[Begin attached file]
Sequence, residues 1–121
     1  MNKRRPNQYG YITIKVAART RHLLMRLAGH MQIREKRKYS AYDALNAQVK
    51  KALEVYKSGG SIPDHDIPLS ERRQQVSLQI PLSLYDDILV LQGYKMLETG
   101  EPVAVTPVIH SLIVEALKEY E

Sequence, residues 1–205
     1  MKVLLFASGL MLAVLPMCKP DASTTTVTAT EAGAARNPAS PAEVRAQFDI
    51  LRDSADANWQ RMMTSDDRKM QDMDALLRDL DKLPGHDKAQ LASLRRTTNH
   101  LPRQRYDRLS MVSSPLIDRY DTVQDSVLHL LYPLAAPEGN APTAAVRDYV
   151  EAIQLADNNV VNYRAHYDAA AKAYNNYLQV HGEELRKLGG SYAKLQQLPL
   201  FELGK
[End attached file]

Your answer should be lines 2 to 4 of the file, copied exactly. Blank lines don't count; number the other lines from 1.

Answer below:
     1  MNKRRPNQYG YITIKVAART RHLLMRLAGH MQIREKRKYS AYDALNAQVK
    51  KALEVYKSGG SIPDHDIPLS ERRQQVSLQI PLSLYDDILV LQGYKMLETG
   101  EPVAVTPVIH SLIVEALKEY E